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Curiously Low Noise Amplifier

2015-01-01 12:11  
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Curiously Low Noise Amplifier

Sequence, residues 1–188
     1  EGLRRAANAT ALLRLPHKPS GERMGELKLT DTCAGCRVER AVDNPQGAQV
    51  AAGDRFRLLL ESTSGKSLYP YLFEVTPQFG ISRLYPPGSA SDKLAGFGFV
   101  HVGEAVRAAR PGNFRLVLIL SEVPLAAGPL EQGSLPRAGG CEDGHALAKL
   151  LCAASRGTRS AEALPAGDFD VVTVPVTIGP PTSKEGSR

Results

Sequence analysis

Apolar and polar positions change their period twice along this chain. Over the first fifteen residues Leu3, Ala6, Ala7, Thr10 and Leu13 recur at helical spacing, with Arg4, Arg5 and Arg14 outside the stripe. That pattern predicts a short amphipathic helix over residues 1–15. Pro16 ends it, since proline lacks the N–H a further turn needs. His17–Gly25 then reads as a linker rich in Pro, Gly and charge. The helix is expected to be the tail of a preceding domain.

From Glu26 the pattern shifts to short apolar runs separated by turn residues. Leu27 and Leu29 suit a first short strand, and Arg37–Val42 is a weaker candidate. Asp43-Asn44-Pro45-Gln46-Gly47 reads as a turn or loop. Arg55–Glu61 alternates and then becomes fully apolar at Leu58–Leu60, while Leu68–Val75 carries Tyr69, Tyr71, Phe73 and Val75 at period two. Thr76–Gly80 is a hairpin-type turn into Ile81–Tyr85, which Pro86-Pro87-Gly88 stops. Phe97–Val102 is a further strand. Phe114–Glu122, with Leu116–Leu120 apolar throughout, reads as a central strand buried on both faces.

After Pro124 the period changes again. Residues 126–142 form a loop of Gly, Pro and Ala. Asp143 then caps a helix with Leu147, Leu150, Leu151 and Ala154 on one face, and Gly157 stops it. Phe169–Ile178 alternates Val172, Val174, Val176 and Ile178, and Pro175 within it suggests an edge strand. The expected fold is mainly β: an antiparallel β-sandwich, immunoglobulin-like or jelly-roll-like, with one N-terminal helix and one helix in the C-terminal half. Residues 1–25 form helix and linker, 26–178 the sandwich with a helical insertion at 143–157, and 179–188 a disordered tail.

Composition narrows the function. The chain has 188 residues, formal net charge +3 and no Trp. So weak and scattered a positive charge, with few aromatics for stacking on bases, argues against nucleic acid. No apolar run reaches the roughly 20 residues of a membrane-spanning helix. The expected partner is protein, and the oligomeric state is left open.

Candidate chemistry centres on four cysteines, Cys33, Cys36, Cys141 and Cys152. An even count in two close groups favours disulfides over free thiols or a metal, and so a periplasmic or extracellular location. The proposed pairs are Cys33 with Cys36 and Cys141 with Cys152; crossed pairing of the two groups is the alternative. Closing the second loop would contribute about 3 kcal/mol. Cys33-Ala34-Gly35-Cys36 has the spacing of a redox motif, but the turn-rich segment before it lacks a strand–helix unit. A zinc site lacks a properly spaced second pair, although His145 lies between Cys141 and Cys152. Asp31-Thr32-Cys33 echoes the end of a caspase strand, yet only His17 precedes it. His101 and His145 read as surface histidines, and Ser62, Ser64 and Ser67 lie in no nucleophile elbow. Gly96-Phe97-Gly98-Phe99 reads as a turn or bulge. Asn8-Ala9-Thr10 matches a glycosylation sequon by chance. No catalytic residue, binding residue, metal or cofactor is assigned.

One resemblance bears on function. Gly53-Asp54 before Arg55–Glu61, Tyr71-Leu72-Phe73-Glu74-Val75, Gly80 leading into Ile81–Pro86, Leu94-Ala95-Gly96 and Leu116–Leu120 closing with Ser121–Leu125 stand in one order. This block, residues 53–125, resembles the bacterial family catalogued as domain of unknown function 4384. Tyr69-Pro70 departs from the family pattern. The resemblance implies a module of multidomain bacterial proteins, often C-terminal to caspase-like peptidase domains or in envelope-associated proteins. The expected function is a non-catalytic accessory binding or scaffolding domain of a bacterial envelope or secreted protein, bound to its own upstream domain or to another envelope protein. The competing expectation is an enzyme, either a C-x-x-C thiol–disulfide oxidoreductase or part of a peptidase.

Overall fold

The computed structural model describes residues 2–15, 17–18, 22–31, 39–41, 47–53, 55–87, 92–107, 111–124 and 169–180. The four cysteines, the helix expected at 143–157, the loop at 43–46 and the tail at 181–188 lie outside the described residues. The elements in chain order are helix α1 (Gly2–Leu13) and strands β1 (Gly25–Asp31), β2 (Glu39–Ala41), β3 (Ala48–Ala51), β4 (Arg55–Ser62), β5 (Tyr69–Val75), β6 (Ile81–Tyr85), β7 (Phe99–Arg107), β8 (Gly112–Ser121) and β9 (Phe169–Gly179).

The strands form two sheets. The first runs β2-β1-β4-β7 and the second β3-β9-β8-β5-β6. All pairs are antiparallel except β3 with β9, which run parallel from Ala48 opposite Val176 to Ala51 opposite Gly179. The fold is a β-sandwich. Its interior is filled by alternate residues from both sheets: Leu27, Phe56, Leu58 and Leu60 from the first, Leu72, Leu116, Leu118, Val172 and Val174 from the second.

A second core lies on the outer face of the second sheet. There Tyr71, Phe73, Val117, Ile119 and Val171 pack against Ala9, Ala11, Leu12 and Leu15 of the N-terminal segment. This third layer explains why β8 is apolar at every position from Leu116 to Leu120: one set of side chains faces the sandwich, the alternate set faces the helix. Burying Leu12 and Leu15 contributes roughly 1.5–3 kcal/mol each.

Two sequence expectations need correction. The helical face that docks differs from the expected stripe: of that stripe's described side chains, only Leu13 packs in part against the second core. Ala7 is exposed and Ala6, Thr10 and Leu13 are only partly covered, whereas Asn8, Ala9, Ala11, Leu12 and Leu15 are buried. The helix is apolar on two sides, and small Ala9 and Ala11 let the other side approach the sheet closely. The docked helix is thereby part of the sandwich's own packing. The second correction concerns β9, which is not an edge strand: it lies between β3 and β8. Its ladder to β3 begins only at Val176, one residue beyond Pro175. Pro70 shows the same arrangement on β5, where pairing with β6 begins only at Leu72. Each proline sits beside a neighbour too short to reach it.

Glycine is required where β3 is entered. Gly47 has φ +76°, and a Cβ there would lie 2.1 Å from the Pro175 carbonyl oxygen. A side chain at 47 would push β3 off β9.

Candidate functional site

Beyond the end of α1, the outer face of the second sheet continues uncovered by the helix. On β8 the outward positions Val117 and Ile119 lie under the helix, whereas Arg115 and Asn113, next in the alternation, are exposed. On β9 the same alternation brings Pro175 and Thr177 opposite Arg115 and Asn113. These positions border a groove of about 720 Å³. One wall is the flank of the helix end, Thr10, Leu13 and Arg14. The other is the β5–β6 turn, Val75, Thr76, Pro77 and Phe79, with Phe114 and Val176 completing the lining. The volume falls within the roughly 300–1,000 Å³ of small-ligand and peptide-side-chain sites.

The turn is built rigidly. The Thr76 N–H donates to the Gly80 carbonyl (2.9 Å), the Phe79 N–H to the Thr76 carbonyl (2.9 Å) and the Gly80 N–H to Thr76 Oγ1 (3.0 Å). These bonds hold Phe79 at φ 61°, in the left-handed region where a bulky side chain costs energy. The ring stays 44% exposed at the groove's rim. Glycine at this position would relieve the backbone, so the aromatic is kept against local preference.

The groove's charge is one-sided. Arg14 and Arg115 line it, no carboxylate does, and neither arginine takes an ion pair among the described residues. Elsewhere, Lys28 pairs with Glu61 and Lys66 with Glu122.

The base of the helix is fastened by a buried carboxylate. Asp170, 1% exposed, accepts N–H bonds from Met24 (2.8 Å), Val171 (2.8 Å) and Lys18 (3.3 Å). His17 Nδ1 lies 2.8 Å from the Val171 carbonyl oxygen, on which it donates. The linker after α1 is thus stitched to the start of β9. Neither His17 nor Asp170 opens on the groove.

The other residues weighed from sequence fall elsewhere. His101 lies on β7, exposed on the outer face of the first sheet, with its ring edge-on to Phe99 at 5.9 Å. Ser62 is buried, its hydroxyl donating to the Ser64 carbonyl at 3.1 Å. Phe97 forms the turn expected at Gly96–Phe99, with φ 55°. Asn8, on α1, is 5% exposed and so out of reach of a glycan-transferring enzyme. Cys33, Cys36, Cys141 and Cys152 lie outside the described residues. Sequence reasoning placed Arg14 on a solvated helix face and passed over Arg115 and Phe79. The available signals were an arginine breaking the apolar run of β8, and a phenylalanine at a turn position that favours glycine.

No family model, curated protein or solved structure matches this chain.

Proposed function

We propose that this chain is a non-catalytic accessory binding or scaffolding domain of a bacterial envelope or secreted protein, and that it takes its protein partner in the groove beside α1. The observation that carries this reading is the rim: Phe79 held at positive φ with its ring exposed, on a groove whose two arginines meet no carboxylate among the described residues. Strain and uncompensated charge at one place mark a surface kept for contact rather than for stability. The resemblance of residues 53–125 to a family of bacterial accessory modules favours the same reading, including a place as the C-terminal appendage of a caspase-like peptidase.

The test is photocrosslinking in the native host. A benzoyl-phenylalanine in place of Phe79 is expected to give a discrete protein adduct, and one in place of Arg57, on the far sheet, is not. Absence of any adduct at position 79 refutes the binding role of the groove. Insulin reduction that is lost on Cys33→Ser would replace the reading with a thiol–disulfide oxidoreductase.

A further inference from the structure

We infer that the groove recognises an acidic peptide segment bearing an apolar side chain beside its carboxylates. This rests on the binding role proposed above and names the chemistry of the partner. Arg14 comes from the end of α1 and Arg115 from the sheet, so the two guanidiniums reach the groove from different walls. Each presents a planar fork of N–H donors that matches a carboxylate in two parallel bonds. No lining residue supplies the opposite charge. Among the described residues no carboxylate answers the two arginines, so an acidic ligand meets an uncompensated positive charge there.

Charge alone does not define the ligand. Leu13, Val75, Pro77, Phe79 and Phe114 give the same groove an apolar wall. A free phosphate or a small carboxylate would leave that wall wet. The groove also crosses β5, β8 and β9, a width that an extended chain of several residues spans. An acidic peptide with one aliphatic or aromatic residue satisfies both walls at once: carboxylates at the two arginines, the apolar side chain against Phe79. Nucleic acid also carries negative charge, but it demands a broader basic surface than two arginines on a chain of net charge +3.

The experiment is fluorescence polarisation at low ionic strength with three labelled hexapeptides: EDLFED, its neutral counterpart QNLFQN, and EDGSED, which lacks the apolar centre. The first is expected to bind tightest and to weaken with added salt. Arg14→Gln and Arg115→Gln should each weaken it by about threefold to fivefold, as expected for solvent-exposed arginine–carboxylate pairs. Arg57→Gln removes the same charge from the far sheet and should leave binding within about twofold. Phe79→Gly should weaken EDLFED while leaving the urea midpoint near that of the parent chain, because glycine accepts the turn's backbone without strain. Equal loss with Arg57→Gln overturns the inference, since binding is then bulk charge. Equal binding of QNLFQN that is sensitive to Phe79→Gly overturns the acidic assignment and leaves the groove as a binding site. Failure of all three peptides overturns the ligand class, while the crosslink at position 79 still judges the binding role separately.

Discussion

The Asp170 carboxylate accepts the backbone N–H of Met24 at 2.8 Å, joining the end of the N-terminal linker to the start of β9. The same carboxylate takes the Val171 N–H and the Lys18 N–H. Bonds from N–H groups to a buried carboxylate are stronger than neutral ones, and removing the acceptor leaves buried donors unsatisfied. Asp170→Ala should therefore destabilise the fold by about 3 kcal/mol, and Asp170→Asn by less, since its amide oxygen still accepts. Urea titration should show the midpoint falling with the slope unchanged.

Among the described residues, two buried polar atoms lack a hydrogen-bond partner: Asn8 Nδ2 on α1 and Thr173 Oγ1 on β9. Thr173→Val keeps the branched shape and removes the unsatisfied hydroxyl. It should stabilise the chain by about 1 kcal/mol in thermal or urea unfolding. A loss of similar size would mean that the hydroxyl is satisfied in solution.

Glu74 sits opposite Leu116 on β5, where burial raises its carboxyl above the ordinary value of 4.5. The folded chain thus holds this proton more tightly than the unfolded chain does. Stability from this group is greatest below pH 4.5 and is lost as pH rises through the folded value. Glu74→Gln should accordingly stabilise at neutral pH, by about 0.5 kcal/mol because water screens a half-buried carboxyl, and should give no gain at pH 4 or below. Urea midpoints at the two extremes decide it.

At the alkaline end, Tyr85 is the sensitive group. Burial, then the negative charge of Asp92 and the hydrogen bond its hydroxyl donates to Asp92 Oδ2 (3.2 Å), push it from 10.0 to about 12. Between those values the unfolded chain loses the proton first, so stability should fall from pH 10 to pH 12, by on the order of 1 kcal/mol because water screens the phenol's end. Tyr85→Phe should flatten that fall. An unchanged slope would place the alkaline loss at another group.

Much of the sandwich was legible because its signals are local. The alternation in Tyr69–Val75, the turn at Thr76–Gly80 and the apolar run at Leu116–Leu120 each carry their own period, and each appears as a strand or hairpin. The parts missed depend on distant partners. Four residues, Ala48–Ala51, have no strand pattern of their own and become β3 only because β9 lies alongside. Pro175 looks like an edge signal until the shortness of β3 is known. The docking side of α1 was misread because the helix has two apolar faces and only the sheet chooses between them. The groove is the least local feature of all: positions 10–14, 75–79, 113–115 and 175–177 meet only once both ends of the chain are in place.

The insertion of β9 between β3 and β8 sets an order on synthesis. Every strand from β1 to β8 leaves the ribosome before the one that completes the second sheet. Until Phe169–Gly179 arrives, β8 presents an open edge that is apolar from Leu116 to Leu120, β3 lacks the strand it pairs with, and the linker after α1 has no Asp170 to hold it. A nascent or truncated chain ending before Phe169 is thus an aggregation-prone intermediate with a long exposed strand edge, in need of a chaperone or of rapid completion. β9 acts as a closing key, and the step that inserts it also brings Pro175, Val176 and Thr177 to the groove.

The Curiously Low Noise Amplifier takes advantage of the wonderful noise characteristics of the 2SK170 JFET that boasts a noise voltage below 1 nV/root-Hz and virtually no noise current. The noise voltage of the amplifier is only 1.4 nV/root-Hz at 1 kHz, increasing to only 2.7 nV/root-Hz at 10 Hz. The noise current is difficult to measure, so this simple utility amplifier can see the noise from a 50 ohm resistor and a 100k resistor, too. (The 1.4 nV input-referred noise will increase to about 1.7 nV with a 50 ohm resistor, instead of a short, and a 100k resistor will give an input-referred noise near 40 nV, with very little contribution from the amplifier.) This amplifier is a utility amplifier with a gain of 100, that would typically be used in a lab setting to boost tiny signals for measurement or further processing. It isn't intended to drive a speaker or headphones directly. (It could drive the LM386 quite nicely.) The circuit is a simple discrete transistor feedback circuit with two gain stages and a unique class-A output buffer: